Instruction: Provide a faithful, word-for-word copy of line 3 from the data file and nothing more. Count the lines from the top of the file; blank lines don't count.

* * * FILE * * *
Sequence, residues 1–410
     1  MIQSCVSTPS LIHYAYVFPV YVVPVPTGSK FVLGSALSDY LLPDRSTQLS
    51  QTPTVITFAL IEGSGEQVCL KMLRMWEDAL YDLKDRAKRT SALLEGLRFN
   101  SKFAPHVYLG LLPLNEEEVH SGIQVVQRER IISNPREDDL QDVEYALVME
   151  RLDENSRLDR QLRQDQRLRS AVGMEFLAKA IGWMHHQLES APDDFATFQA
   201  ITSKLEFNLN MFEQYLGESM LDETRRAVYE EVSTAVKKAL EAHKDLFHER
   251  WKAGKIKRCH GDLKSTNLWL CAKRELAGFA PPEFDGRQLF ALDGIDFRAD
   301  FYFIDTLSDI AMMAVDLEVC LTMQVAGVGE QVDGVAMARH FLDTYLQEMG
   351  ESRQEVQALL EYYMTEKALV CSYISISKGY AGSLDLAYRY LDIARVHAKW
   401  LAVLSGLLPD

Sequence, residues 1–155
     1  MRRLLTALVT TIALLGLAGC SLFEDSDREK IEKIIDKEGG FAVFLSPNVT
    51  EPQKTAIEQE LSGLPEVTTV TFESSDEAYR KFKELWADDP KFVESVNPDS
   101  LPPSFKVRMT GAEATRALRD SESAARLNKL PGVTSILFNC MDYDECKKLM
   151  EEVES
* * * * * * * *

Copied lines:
    51  QTPTVITFAL IEGSGEQVCL KMLRMWEDAL YDLKDRAKRT SALLEGLRFN